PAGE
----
By Charles King, Pund-IT, Inc. February 22, 2017
Lenovo’s plan to develop and deliver a new “Enterprise Cloud Solution designed for SAP HANA” in China offers an interesting lesson in how a vendor can effectively parlay its strengths to pursue opportunities for its own and its partner’s benefit. In this case, Lenovo is exercising its muscular technological and regional leadership positions.
That’s well worth considering, but before that, what are the announcement’s core points? First, Lenovo will operate a data center infrastructure for the solution in China, manage and support the SAP HANA databases and applications, and also deliver technical support, including hotline service. As such, customers will benefit from Lenovo’s deep expertise in SAP solutions, as well as the facility adhering to compliance and regulatory requirements in China.
Second, SAP will work with Lenovo to customize the cloud environment to optimize the performance and availability of HANA-based applications, including real time analytics. To achieve this, the core infrastructure will employ Lenovo’s top-end System x x3850 X6 and x3950 X6 servers, as well as its x3650 X6 solutions for application servers.
Finally, the facility provides Lenovo a major new channel for deploying SAP HANA so it highlights the expanded strategic alliance the companies announced in January 2016. The effort also underscores the dedicated work that Lenovo and SAP have pursued in China since 2010.
How does this deal reflect Lenovo’s leadership positions? The company’s System x solutions have served as the reference architecture for SAP’s HANA platform since 2010, when the two companies were just starting to explore in-memory analytics and their common interests in China.
System x’s value in SAP HANA implementations is due in large part to unique Lenovo technologies, such as its Enterprise X-Architecture (currently in its sixth, X6, generation). That enables System x X6 solutions to offer far higher memory capacity than competitors’ servers. For example, Lenovo’s x3850 X6 solution (a 4U configuration) supports up to 6TB of DDR4 memory while the 8U x3950 X6 supports up to 12TB of DDR4 memory.
The Enterprise X-Architecture delivers proven enterprise-class RAS capabilities that are needed for business-critical SAP HANA applications. In addition, System x X6 is also remarkably flexible with a modular building block design enables customers to use one server platform for both scale-out and scale-up configurations. The solutions also support multiple generations of Intel CPUs. That provides myriad benefits, including investment protection, the ability to deploy HANA clusters with mixed processor generations and adding HANA memory capacity to existing clusters.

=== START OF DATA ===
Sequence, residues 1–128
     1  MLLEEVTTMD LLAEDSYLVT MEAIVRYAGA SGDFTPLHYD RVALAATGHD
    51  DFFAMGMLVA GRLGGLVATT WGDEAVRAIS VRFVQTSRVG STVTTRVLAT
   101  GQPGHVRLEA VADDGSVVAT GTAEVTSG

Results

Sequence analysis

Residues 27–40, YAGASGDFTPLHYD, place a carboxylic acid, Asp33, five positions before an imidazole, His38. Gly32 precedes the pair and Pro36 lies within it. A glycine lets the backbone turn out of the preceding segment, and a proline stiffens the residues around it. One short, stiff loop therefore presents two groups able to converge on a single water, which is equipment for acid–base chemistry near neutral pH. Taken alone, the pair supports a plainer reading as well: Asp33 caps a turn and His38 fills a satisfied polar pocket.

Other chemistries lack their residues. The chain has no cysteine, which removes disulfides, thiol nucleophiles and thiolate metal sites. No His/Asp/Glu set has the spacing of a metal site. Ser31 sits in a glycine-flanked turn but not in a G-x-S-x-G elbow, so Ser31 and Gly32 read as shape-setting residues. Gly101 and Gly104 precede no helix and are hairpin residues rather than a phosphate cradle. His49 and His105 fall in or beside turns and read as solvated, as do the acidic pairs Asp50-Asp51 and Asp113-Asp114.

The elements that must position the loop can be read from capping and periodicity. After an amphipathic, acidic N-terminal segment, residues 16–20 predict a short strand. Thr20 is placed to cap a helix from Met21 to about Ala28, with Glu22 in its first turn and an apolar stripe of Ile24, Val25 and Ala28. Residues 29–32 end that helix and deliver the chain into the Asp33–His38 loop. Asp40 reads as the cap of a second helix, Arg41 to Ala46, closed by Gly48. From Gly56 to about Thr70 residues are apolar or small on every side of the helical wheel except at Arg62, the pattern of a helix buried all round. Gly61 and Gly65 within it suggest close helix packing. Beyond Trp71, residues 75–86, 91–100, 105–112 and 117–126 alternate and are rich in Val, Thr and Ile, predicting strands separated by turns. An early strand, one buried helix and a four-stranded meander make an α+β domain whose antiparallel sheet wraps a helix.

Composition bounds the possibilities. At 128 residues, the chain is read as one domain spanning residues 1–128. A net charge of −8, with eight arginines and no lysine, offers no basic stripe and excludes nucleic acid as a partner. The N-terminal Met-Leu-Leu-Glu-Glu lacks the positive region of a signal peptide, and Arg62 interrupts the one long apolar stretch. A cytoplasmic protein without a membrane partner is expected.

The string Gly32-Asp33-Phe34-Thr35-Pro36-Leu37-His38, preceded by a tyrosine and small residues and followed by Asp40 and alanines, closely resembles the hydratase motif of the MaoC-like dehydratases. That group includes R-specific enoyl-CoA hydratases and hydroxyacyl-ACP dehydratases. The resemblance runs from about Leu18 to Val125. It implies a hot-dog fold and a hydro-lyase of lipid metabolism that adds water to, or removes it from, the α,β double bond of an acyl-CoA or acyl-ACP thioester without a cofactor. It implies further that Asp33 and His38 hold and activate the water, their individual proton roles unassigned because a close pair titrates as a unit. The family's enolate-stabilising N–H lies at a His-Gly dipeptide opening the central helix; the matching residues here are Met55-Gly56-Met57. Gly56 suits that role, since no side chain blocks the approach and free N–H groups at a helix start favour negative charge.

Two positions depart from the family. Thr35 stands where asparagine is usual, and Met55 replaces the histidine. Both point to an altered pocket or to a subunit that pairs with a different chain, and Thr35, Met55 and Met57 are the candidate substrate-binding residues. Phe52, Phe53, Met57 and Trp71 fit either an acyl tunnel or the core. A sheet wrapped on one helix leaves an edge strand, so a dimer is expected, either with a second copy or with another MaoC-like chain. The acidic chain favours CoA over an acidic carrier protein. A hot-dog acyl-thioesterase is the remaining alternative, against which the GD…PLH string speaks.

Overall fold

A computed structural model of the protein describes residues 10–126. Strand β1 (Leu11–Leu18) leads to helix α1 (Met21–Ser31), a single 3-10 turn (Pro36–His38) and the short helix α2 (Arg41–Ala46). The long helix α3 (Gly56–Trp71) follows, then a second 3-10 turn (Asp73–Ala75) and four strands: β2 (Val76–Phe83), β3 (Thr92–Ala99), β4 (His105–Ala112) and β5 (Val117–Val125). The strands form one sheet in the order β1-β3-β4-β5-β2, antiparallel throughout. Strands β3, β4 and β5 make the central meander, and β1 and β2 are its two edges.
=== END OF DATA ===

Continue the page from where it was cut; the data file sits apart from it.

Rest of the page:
As a result, Lenovo System x X6 solutions are ideal for numerous enterprise scenarios and SAP HANA workloads, including real-time analytics. Customers simply bring in their SAP HANA license and Lenovo will meet their enterprise-class requirements. Since the new facility will offer standard HANA appliances of up to 8 socket, 8TB configurations based on Intel Broadwell EX-based systems, Lenovo will be able to support considerably larger HANA databases than most other cloud providers.
The improvements that Lenovo’s System x X6 configurations deliver are often dramatic. In fact, the company cited its own experience implementing SAP HANA to accelerate its supply chain management reporting processes. The effort resulted in reducing the time required to generate reports from 1 to 2 weeks to 6 to 8 minutes, resulting in about $50M in cost savings and the company winning a SAP HANA Innovation Award.
Home field advantages
Good enough, but what about the regional angle for developing the new SAP HANA cloud service? There are two issues at play here. First, Lenovo should enjoy some home field advantages. As a business founded in China (with one of its two headquarters located in Beijing), the company is in a good position to work with numerous local enterprises that prefer to do business with other China-based companies.
That doesn’t mean Lenovo will be unopposed. There are certainly other public cloud companies offering SAP HANA-based instances for the China market, including Alibaba, AWS and Microsoft Azure, but whether those solutions can meet the most stringent enterprise requirements is debatable. As a result, Lenovo should compete quite effectively with the public cloud crowd, particularly in delivering enterprise-class SAP HANA performance.
The company’s Data Center Group also stands to capture additional benefits from the new service. Market research firm IDC has noted that the China market has delivered stronger growth in server sales over the past several quarters as other global IT markets have stayed relatively flat or declined. Lenovo is one of the four largest server vendors in China (along with Huawei, Inspur and Sugon) but it is also far better known than rivals that focus mainly on ODM direct sales.
In other words, Lenovo should be able to use the new SAP HANA service to burnish its own data center solutions’ reputation. That is a critical point in a market that is expanding far faster and more steadily than most others. But China is also placing a premium on numerous high profile computational projects, meaning that the new cloud service could help Lenovo capture business in areas where performance metrics are key to successful engagements.
Overall, the new Enterprise Cloud Solution designed for SAP HANA is likely to provide notable benefits for both Lenovo and SAP’s existing customers in China, and open the door for the companies to pursue and win new business. The vitality of the enterprise data center market in China should help drive considerable growth for both Lenovo and SAP. As such, it highlights the substantial value vendors can achieve with unique, market-leading technologies and wisely drawn strategic alliances.
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